Inspecting Added Blown Insulation in an Existing Vented Attic

by Nick Gromicko, CMI® and Ben Gromicko

According to the InterNACHI Standards of Practice for Performing a General Home Inspection, a home inspector is required to inspect the insulation in the attic and describe the type and approximate average depth of insulation observed at the unfinished attic floor area. Because most heat loss in a home is through the attic, increasing attic insulation is one of the most cost-effective steps homeowners can take to improve home energy efficiency. Adding insulation will help provide added thermal protection and enhanced comfort. Let's learn about what a successful installation of additional insulation in a vented attic looks like.

Many older homes have little or no attic insulation. Loose-fill insulation, such as blown cellulose or blown fiberglass, can be installed at the ceiling plane/attic floor to improve thermal performance in a vented attic. Care should be taken when installing blown insulation to ensure that it fills all ceiling joist bays, leaving no gaps or voids around wiring or piping, and that it covers the tops of the joists to stop thermal bridging. The depth of coverage should be even across the field of the attic.

The ceiling plane or attic floor should be thoroughly air-sealed prior to installing insulation. Robust and continuous air control is critical to a high-performance thermal enclosure. The existing insulation must be removed to provide access to the ceiling plane for air sealing. Debris and dust should also be removed so that sealants will have good adhesion. All cracks, seams and holes should be sealed using caulk or spray-foam sealants.

The photo above was taken at InterNACHI's House of Horrors® in Boulder, Colorado. At this inspection training facility, there's missing air sealant at the duct vent, as seen from the attic.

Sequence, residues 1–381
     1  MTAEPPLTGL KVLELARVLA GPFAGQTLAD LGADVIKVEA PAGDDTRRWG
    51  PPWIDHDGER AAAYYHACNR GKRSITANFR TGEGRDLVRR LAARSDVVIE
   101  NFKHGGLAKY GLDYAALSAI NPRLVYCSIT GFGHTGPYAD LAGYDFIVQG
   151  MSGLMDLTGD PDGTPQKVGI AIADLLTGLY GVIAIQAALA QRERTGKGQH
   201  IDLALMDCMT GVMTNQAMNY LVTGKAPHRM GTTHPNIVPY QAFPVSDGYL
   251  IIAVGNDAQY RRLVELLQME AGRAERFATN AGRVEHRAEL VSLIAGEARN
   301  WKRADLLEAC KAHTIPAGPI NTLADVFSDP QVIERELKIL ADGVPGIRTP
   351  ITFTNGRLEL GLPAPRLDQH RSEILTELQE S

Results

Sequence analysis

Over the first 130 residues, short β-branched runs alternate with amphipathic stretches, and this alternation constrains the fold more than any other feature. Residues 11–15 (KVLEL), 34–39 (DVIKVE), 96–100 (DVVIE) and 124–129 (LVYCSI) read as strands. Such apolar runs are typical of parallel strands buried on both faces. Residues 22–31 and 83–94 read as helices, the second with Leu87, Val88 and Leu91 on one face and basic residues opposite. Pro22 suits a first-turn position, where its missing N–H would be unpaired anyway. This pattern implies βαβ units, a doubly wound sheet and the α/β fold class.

Solid blocking should be used at any larger holes and open soffits. Metal blocking and collars can be constructed around hot flues to keep the insulation from touching them. Covers can be purchased or constructed to cover, air-seal, and insulate recessed can lights that are not insulated ceiling airtight (ICAT)- rated.

Figure 1. Metal blocking and collar around a flue pipe

 Figure 2. Sealant around a light fixture

If existing insulation was removed from the attic floor to perform air sealing, it may be reinstalled if it is in good condition. However, existing attic insulation is often contaminated with construction debris, plaster scraps, animal droppings, etc. Older loose-fill may be vermiculite insulation, which can contain asbestos. The safest approach may be to dispose of the old insulation and install only new insulation.

  Figure 3. Attic Insulation Requirements per the 2009 and 2012 IECC

The presence of flooring above the ceiling joists in an attic will make it difficult to air-seal at the ceiling plane (attic floor). If the air control is to be established at the ceiling plane, then any attic flooring installed above must be removed to provide full access to the ceiling surface. In some cases, floor sheathing may resist the lateral thrust of roof framing. If floor sheathing is attached to framing that is perpendicular to the slope of the roof (perpendicular to the ridge or eave), the sheathing should not be removed without first consulting a qualified building professional. Alternately, it may be possible to transition the air barrier to the top of the existing attic floor. To successfully execute this option, sufficient insulation is required outboard (on top of) the floor to control condensation, and a robust air-control connection must be made from the top of the exterior walls to the perimeter of the attic flooring.